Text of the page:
Forthcoming EU policy framework on bio-based, biodegradable and compostable plastics
With the public consultation phase now closed, the forthcoming EU policy framework on bio-based, biodegradable and compostable plastics is nearing completion and is expected to be adopted in the second quarter of 2022. It is a crucial piece of legislation for the bioplastics industry, and European Bioplastics (EUBP) welcomes and fully supports the Commission’s initiative to promote bioplastics and to fully recognise their contributions to a sustainable plastics economy and the circular bioeconomy.
Our industry is looking forward to the development of EU policies which are fit for purpose and create a level playing field among companies operating on the EU market. In particular, these policies should recognise the key role played by bioplastics in reducing the use of fossil fuels and in delivering sustainable benefits under the European Green Deal. In addition, the framework should contribute to innovation, and enhancing investment certainty within the internal market.
From 18 January to 15 March 2022, the European Commission held a web-based public consultation to gather further insights for preparing the new policy framework and, in particular, to address more detailed questions on three policy areas: (1) the sustainability of the bio-based feedstock used to produce bio-based plastics; (2) the effective biodegradation of biodegradable and compostable plastics as well as their role in a circular economy; and (3) avoiding widespread consumer confusion of the nature and benefits of bioplastics.
EUBP’s contribution to the consultation
Representing the interests of around 70 member companies from the entire bioplastics value chain, EUBP has submitted its contribution to the consultation, stressing the paramount importance of a clear, fit for purpose policy framework that ensures reliability in decision making and a clear and trustworthy communication to consumers.
On the sustainability of alternative, bio-based feedstocks:
Driving the transition towards a low-carbon circular economy requires carbon to be regenerated using renewable resources. Therefore, the promotion of alternative feedstock concepts in EU legislation should not be limited to recycled feedstock. It must also include bio-based feedstock, as it can significantly contribute to the overarching goals of the EU Green Deal for climate neutrality by 2050 and for closing the carbon loop.
The Commission’s suggestion on setting sustainability criteria for bio-based feedstock used to produce bioplastics by transferring the sustainability criteria applying to biofuels to bio-based plastics is deemed appropriate, in principle. Renewable feedstock that is suited for biofuels is, in general, also suited for making bio-based plastics. However, unlike biofuels, where one more or less homogenous product is compared to another (fossil-based fuels), bio-based plastics and the products derived from them are at least as diverse as the products made from conventional plastics. Therefore, comparative calculations on required greenhouse gas emission savings must take into consideration that there is not always an adequate equivalent fossil-based polymer or product to which the bio-based polymer or product can be compared to. If comparisons with fossil-fuel derived plastics are to be fair, equal, and not anti-competitive, then sustainability criteria must be developed also for fossil-based feedstocks and processes.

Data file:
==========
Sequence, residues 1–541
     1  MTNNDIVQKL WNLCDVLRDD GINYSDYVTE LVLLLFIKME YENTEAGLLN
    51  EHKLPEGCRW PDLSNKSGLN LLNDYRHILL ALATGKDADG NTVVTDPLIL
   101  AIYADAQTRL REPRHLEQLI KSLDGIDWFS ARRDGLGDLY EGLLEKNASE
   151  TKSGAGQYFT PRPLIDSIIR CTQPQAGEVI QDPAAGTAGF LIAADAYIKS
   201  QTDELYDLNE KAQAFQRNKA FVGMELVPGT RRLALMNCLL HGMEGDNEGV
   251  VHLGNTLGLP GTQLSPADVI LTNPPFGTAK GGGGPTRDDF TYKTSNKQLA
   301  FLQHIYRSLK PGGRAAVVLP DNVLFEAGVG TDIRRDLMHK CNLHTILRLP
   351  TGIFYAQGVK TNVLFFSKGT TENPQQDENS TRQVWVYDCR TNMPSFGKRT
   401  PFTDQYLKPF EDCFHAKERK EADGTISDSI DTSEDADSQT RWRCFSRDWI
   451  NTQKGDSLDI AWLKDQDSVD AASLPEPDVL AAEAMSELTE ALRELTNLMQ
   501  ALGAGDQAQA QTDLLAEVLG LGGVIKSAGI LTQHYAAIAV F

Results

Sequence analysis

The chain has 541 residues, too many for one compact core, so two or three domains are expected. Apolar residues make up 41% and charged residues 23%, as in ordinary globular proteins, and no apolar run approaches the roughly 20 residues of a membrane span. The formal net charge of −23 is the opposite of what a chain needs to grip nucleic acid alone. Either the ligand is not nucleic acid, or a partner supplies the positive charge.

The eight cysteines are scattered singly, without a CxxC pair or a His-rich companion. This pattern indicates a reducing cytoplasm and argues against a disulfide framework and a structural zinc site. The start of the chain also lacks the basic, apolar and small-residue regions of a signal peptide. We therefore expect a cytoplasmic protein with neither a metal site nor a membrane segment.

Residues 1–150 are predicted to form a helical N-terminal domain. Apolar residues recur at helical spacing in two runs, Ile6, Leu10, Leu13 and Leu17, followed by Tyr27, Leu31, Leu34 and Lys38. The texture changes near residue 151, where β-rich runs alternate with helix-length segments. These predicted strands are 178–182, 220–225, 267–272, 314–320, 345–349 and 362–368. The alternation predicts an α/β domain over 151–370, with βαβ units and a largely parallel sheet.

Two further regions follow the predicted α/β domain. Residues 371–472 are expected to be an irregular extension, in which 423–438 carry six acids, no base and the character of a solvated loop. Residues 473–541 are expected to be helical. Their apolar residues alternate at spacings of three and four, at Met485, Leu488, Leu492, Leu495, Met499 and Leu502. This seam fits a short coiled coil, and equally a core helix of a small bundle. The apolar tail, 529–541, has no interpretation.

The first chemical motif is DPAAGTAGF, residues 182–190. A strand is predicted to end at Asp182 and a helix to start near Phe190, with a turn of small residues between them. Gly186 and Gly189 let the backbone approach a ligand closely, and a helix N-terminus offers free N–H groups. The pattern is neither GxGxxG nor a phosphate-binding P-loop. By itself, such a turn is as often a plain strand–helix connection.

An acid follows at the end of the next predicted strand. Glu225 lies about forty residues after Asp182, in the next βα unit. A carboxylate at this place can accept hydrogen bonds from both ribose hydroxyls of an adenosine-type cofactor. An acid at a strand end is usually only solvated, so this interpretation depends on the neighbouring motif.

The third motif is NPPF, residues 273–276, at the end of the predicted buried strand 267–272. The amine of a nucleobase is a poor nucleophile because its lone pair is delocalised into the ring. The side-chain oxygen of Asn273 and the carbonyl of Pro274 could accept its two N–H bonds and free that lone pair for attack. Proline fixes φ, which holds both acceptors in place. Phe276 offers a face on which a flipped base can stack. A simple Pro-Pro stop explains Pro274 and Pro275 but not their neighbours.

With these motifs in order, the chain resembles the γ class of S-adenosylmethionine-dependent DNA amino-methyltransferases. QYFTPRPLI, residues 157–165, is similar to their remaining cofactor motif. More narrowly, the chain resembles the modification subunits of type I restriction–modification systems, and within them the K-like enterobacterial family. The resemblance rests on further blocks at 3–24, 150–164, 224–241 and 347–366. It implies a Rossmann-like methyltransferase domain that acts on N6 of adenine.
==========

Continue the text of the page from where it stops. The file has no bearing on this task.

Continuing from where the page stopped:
On regulatory mechanisms to support the benefits of biodegradable plastics:
Regulatory mechanisms to support the benefits of biodegradable plastics should not impose limits or mere lists of certain applications that should be biodegradable. A supportive legislation should rather introduce criteria to assist in the search for new applications and that promote R&D and innovation and improve the management and/or treatment of biodegradable and compostable plastics.
On transparent communication with consumers:
Although all bioplastics can significantly contribute to global sustainability goals, they do so in different ways. Their wide range of properties highlights the need for more distinct and clear communication when referring to a specific material or product when engaging with consumers. Transparent communication is essential to avoid misunderstandings or greenwashing. Hence, the term ‘bioplastics’ without any further explanation should be avoided in B2C communication about a specific product. Instead, clear and substantiated claims – based on existing standards and certification schemes – should be made on the actual property (bio-based content) and designated waste management (mechanical recycling, organic recycling) option.
Read the full additional comment of EUBP on the public consultation on the forthcoming policy framework here.
The forthcoming policy framework is part of the larger EU Plastics Strategy (2018) and was announced in the European Green Deal (2019) and the New Circular Economy Action Plan (2020). As there is currently no EU law in place applying specifically to bio-based, biodegradable and compostable plastics, the European Commission aims to develop a comprehensive policy framework on the sourcing, labelling and use of bio-based plastics, as well as on the use of biodegradable and compostable plastics.
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